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Consumers in states that are burdened by predatory short-term payday and car title lending will receive some relief from a final rule issued today by the Consumer Financial Protection Bureau (CFPB). Arizona already prohibits payday lending, which is crucial to prevent payday lenders from exploiting loopholes in the new rule. While the rule released today should be helpful in disrupting the abusive car title lending that still plagues Arizonans, advocates argued the state needs to expand consumer protections to also cover car title lending.
“The CFPB’s rule on predatory lending takes an important step towards protecting millions of Americans from financial ruin,” stated Diane E. Brown, Executive Director of the Arizona Public Interest Research Group (Arizona PIRG). “Policy makers should now take additional steps -- such as prohibiting triple-digit car title loans -- to further prevent Arizonans from falling off the financial cliff.”
The CFPB is not legally authorized to cap interest rates, so the new rule protects consumers by requiring lenders to make affordable loans – loans that borrowers can pay back without taking out another loan in order to cover living expenses. This ability-to-repay standard is expected to reduce the harms of predatory lending across the nation overall by disrupting the payday and car title lending business model, which depends on trapping borrowers in long-term, unaffordable debt.
The CFPB makes it clear that the rule is a floor for consumer protections, not a ceiling, and that it does not prevent states from enacting stronger laws, such as a rate cap.
Kelly Griffith, Executive Director of the Southwest Center for Economic Integrity said, “The CFPB’s rule makes it clear that the Arizona legislature should keep existing protections for consumers in place and not allow any weakening of current state policy which prohibits payday lending. The legislature should recognize the overwhelming support from voters and work to further prevent Arizonans from entering an endless cycle of debt.”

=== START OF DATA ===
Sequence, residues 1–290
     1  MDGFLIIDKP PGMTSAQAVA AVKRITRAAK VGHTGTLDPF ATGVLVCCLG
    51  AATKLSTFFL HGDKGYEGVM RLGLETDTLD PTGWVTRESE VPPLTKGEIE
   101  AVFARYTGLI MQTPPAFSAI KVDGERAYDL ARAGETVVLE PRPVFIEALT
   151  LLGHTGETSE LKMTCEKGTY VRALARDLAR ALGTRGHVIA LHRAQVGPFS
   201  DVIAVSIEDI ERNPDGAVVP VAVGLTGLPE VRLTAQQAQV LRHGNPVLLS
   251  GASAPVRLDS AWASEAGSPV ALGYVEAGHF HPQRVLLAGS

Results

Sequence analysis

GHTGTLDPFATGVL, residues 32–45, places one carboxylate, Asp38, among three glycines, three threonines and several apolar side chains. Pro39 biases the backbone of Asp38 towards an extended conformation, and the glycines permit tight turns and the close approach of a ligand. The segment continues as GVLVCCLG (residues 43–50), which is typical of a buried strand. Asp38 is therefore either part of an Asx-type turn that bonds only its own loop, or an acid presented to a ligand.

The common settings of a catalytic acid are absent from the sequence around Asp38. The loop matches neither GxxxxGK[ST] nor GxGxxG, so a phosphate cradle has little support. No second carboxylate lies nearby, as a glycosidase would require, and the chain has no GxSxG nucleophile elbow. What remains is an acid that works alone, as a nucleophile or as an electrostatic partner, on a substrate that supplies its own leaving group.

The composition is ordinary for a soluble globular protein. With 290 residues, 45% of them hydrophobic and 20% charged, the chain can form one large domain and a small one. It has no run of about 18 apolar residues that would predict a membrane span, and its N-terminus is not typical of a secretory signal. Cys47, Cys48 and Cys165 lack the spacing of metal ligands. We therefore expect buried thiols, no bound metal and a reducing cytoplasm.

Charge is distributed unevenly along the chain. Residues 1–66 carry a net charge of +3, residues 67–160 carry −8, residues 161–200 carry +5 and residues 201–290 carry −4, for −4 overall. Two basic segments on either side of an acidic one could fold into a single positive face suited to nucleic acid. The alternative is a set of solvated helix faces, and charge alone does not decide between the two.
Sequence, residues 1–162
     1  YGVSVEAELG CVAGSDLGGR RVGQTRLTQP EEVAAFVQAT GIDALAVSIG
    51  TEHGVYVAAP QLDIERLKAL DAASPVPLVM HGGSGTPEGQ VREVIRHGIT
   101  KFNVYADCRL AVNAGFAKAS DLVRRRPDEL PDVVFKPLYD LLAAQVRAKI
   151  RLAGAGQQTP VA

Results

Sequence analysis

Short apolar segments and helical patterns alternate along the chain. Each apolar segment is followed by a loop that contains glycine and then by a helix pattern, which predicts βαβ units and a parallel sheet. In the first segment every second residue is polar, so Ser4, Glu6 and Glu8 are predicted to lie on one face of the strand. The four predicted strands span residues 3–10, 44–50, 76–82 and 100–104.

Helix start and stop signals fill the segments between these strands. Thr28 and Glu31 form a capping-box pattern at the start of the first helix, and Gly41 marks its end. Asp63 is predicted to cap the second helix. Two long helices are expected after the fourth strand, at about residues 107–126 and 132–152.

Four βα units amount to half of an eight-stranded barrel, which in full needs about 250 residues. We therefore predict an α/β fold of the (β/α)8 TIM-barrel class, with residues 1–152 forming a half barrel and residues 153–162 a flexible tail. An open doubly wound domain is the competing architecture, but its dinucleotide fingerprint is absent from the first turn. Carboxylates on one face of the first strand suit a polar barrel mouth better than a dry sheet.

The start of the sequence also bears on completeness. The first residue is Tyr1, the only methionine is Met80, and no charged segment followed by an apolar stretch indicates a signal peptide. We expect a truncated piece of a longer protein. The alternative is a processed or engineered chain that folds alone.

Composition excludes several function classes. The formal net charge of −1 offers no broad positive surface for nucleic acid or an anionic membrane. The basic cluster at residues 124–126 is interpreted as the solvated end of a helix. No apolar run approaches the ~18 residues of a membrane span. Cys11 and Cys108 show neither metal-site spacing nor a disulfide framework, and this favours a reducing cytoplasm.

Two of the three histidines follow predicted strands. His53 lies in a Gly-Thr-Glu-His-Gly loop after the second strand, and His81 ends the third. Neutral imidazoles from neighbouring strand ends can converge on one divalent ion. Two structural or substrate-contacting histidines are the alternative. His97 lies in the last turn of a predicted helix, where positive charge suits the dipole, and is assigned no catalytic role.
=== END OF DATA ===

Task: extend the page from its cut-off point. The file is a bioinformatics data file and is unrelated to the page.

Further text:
Payday and car title lenders have a long history of exploiting loopholes where they can find them, and state usury caps prevent this exploitation. The rate cap also ensures that borrowers are protected against the harms of these high-cost loans regardless of whether they are structured as short-term or long-term loans.
Cynthia Zwick, Executive Director of the Arizona Community Action Association, added, “Payday loans often masquerade as "lifesavers" for those in need, but they do not provide a realistic lifeline for many consumers. These predatory lending practices drown too many people in an endless cycle of debt. We are pleased that the CFPB’s rule offers protections that will disrupt the payday lending business model. We urge Arizona lawmakers to protect this rule, and to fight back against legislative and regulatory efforts to preempt or undermine the will of Arizona voters.”
The full CFPB rule can be found here: https://www.consumerfinance.gov/policy-compliance/rulemaking/final-rules/payday-vehicle-title-and-certain-high-cost-installment-loans/
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